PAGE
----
Wednesday, March 17, 2010

O Patrick, Hail!

Far away in Perth, W.A., my friends will be readying all for the official opening of the newly refurbished St Anne's Church in Belmont, as the new home of the Latin Mass community in that Archdiocese: fittingly, the solemnities will begin with the blessing of the church in the context of a Holy Hour, ending with Solemn Benediction, followed at once by Solemn High Mass!

I attended Mass earlier to-day, glad that thereby I truly was at the same Altar as my faraway friends, and was delighted to sing "O Patrick, hail", which happens to be my old school song.  (Yes, I know that it's double alleluia is entirely unlenten, but, well...)  Here are all the verses:

O Patrick, hail, who once the wand’ring race
Didst win to be God’s faithful resting-place,
And Ireland’s love to soothe his wounded face.
Alleluia! Alleluia!

*In dreams thou heard’st thy distant children cry
To bid thee, holy one of God, draw nigh,
Lest all the Gaelic clans but live to die.
Alleluia! Alleluia!

Christ was thy sword, thy breastplate and thy shield,
And Christ the living strength that helped thee wield
A sacred spell o’er hill and lake and field.
Alleluia! Alleluia!

Christ was thine eye, and Christ thine ear and tongue,
And Christ the peerless song thy brave lips sung,
And Christ thy challenge to the faithless flung.
Alleluia! Alleluia!

*O lonely strife no man can ever tell,
The years thou barest cross and staff and bell,
To war with all the powers and hate of hell.
Alleluia! Alleluia!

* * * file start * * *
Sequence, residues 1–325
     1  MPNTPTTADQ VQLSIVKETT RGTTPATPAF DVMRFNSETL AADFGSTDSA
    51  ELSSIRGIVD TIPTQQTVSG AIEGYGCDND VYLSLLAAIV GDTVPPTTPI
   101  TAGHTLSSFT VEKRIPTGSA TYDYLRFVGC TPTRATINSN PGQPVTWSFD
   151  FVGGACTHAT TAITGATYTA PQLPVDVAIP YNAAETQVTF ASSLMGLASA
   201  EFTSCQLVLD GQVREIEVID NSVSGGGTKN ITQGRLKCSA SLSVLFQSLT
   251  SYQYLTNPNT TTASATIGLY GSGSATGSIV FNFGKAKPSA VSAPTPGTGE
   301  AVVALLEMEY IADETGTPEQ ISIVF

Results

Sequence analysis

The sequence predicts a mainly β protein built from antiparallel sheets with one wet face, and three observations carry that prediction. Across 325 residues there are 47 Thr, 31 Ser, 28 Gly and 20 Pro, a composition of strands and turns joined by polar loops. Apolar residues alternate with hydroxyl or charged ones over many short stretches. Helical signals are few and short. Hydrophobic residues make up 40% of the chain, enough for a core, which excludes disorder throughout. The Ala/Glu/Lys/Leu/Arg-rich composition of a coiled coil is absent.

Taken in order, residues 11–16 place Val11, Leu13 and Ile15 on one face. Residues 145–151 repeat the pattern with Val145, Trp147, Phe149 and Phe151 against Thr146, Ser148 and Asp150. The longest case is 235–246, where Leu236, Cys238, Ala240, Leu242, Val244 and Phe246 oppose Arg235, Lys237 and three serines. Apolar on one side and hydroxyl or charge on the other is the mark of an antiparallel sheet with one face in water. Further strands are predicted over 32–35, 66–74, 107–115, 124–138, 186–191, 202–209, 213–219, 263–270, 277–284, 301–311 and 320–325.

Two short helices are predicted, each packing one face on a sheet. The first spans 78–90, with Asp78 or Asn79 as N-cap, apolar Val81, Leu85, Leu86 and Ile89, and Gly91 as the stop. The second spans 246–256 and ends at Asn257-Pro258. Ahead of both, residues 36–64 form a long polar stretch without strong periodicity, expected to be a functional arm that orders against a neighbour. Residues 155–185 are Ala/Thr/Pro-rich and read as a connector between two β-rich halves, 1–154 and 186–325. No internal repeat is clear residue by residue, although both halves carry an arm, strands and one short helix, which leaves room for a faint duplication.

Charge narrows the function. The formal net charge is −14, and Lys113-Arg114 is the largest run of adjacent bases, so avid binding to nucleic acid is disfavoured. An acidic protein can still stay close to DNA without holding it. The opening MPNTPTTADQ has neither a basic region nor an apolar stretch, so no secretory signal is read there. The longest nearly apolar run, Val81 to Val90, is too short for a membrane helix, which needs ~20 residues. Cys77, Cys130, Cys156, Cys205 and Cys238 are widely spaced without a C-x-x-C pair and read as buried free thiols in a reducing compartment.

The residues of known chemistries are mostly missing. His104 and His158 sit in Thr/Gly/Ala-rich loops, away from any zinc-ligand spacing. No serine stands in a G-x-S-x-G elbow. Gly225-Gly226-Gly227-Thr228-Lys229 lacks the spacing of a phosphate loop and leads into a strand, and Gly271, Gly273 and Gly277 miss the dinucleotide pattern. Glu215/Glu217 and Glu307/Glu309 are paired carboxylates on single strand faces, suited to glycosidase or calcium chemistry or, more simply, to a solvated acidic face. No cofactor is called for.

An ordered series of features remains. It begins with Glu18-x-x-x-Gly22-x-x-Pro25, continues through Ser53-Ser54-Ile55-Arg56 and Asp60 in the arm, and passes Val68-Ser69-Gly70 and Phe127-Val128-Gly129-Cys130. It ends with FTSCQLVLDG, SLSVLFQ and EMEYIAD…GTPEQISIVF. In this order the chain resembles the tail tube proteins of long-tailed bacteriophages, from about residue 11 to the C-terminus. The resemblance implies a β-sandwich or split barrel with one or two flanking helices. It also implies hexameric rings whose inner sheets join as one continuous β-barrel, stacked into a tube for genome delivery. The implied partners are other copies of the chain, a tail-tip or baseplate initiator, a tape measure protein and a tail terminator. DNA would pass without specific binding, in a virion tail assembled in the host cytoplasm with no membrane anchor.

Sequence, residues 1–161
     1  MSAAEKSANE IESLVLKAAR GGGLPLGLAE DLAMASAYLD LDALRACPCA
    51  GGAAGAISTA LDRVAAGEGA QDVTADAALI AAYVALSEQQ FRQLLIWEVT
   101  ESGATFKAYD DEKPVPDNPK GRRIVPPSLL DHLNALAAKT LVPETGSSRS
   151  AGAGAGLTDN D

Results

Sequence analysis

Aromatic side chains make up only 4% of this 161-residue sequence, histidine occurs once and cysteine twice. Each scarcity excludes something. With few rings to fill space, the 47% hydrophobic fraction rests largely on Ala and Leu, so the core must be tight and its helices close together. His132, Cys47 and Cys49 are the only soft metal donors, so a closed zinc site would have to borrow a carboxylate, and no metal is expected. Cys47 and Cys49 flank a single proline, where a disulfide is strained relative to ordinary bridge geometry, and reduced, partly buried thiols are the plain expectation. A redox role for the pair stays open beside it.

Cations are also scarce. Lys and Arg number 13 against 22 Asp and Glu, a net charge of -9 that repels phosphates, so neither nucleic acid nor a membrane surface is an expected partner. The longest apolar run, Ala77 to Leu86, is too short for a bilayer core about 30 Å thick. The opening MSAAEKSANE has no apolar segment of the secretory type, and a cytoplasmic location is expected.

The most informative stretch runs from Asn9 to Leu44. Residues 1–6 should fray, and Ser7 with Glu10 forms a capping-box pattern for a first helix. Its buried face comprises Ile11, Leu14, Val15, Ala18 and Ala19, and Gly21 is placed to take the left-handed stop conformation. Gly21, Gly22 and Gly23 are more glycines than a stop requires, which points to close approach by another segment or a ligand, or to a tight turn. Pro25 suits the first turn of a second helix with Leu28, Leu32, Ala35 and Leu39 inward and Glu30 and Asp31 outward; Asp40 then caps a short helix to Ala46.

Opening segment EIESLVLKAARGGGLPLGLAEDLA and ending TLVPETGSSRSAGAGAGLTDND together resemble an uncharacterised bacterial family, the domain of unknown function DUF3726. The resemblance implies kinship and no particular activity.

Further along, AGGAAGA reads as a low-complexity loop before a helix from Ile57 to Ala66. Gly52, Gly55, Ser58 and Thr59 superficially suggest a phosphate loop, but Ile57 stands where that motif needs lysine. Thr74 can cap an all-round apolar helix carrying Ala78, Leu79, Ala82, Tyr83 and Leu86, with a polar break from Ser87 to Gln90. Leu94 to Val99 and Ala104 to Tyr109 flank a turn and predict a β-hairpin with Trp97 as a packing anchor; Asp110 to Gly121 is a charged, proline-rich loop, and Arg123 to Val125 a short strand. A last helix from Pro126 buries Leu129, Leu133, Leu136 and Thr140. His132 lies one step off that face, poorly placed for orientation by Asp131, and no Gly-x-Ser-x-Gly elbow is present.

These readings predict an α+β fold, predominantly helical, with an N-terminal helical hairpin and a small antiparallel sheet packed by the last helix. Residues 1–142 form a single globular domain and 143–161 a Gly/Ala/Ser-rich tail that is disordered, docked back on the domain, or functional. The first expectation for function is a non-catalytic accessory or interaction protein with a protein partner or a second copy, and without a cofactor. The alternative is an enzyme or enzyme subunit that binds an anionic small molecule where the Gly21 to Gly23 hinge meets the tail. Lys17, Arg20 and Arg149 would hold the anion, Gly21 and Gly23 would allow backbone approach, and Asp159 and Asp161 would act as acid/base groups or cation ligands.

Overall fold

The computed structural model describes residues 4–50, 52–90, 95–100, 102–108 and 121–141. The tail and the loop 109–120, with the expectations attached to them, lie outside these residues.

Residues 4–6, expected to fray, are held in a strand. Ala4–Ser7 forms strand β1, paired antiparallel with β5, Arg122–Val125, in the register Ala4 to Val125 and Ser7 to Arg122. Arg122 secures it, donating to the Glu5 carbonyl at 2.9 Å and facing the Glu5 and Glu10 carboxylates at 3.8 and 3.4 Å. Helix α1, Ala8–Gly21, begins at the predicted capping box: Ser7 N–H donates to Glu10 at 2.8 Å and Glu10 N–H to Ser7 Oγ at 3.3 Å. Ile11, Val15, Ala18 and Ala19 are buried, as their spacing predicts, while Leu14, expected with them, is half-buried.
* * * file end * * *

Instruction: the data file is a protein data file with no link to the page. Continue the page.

*Yet Ulster’s plain thou choosest for thine own,
Armagh thou madest be thy royal throne,
To holy Down thou lef’st thy burying-stone.
Alleluia! Alleluia!

Yet comes a day to ease thy people’s pain,
Thy saints shall rise from glen and sea and plain,
When thou, with Christ, in glory come again.
Alleluia! Alleluia!

(*We omitted the 2nd, 5th and 6th stanzas, as more relevant to Ireland rather than to Australia.)

I sometimes wondered (see the first stanza) why St Patrick had a wounded face... till I realized that this alludes rather to the Face of Christ, wounded in His Passion.

The last verse, so eschatological, always brings a lump to my throat.

St Patrick, pray for us.


David said...

This is a fine hymn But you can hardly sing it on St. Patrick's Day since that day always falls in Lent when the Alleluia's would not be allowed.

Joshua said...

Yes, but... we always sang it, even during Lent; and it was indeed sung at Mass the other day.

Perverse but true - call it the revenge of those put upon by doctrinaire liturgists.

Call it Irish oddity.

It must be some sort of special indult... ;-)